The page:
What is the role of chorus in Murder in the Cathedral?  

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The chorus in Murder in the Cathedral is composed of ordinary women of Canterbury who are neither saints like Thomas Becket nor sinners like the Knights. They are, like the audience, onlookers who witness the drama and comment on it without intervening.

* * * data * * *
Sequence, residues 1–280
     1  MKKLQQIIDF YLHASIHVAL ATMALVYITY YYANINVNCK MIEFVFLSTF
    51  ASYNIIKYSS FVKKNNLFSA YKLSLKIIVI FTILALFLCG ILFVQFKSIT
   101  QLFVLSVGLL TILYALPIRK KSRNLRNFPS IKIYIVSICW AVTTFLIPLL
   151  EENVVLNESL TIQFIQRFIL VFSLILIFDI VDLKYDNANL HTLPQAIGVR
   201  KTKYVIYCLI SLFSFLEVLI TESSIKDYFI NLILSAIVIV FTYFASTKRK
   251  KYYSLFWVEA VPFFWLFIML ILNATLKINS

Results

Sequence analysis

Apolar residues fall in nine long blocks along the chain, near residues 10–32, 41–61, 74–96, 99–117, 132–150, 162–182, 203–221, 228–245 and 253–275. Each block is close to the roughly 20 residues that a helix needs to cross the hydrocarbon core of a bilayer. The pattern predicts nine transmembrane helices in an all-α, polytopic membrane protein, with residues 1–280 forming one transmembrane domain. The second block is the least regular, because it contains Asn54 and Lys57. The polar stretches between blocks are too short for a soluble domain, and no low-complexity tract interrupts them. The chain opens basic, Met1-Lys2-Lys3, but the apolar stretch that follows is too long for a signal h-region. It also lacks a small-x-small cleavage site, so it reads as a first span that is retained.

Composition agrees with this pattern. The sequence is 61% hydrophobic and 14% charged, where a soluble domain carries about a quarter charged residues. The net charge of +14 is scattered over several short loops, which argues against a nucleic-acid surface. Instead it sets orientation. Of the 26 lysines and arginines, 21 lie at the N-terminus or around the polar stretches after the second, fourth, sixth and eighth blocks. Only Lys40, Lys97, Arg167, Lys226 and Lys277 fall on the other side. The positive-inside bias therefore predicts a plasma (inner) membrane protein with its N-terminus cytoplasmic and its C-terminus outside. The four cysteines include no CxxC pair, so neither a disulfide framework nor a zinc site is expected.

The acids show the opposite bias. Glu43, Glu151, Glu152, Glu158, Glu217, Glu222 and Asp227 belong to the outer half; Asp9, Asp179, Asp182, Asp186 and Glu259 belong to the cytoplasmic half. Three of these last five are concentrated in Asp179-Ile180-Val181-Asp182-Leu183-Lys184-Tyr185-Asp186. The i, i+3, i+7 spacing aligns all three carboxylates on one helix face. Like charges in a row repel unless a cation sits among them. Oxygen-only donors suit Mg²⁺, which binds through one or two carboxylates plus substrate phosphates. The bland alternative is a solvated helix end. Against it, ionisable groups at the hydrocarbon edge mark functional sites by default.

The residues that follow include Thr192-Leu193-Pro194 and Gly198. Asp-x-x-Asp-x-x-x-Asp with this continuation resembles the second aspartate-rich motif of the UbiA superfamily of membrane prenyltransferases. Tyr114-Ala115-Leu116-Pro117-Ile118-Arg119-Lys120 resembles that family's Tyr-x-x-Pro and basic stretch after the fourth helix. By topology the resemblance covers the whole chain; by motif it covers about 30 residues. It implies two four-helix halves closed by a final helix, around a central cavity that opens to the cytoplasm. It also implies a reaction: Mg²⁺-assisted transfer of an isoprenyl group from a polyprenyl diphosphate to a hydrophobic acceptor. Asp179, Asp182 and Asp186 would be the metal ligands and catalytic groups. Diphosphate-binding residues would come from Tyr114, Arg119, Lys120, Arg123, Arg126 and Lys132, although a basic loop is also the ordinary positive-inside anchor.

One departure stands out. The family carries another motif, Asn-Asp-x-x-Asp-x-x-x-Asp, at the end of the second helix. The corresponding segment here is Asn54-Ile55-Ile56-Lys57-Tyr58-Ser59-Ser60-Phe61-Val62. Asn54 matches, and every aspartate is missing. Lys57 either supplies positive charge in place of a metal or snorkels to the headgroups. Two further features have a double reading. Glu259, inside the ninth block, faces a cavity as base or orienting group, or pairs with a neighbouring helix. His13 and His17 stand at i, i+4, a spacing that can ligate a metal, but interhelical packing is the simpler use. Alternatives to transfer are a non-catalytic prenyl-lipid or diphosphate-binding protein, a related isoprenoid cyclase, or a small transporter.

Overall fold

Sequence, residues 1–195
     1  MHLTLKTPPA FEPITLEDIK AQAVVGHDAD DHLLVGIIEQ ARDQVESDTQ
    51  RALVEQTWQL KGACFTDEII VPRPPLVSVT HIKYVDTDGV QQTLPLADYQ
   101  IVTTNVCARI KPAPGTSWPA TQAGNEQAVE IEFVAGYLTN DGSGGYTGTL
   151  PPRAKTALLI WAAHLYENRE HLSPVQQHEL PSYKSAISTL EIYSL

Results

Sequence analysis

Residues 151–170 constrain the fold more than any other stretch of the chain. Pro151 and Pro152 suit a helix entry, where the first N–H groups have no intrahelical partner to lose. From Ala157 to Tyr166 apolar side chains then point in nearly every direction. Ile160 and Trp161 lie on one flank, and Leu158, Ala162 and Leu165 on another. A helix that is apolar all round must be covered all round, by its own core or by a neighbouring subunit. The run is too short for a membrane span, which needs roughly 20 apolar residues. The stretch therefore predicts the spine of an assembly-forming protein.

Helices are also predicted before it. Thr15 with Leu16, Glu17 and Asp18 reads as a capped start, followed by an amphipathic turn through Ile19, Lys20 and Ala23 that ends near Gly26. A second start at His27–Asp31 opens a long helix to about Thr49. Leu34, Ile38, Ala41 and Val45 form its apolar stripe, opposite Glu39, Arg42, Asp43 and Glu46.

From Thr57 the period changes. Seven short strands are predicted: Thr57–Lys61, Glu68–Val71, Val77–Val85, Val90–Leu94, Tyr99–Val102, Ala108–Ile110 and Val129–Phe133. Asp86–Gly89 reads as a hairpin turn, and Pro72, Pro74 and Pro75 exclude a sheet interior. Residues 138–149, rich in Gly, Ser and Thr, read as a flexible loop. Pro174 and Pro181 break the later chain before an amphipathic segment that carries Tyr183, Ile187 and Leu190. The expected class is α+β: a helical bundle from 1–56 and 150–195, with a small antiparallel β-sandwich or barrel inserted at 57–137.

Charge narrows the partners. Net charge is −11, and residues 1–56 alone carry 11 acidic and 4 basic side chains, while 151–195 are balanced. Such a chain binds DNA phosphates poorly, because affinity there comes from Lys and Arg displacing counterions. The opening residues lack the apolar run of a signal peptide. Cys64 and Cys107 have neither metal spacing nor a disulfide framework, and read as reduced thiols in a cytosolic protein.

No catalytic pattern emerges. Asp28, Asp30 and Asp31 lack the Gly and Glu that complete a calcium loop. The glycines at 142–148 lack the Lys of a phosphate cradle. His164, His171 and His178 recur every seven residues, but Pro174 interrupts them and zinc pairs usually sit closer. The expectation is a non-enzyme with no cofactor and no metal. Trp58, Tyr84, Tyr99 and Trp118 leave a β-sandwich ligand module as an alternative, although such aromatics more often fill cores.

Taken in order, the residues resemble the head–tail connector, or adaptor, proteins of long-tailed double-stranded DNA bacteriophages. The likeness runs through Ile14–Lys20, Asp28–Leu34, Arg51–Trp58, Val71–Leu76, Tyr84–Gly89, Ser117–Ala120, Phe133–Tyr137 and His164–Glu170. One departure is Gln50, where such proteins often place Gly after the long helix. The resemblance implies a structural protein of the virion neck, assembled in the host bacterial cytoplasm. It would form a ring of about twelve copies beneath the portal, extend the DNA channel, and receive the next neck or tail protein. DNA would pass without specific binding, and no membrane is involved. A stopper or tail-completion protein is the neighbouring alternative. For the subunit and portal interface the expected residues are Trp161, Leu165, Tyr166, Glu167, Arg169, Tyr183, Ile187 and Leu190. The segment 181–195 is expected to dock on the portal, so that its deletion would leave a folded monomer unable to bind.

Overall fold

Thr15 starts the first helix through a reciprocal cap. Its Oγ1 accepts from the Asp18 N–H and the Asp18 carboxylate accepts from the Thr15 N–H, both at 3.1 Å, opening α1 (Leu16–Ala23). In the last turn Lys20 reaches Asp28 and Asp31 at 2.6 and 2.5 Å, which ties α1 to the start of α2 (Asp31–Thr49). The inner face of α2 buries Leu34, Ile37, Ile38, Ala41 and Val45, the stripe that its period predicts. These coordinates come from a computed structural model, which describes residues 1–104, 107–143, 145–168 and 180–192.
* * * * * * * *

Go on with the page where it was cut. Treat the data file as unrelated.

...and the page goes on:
At first, the chorus delivers a sense of foreshadowing. As they approach the cathedral, they note that danger awaits, but not for them. They state, "There is not danger for us, and there is no safety in the cathedral." The chorus serves to warn the audience that danger is coming, and then, they provide an encapsulation of the past. They explain to the audience that the archbishop, Thomas Becket, has been away for seven years and is now returning to Canterbury. After Thomas returns, the women of the chorus fear for his safety and beg him to leave Canterbury. When it becomes apparent that he is to die, they become resigned to his fate. After he is killed, they suffer intense guilt and state that "We did not wish anything to happen." In the end, they offer praise to God. Their cycle of foreboding, fear, regret, and faith mirrors the feelings that an everyday person would have in reaction to Thomas's death, and, by reflecting the emotions of the audience, the chorus invites the audience to become one with them. 

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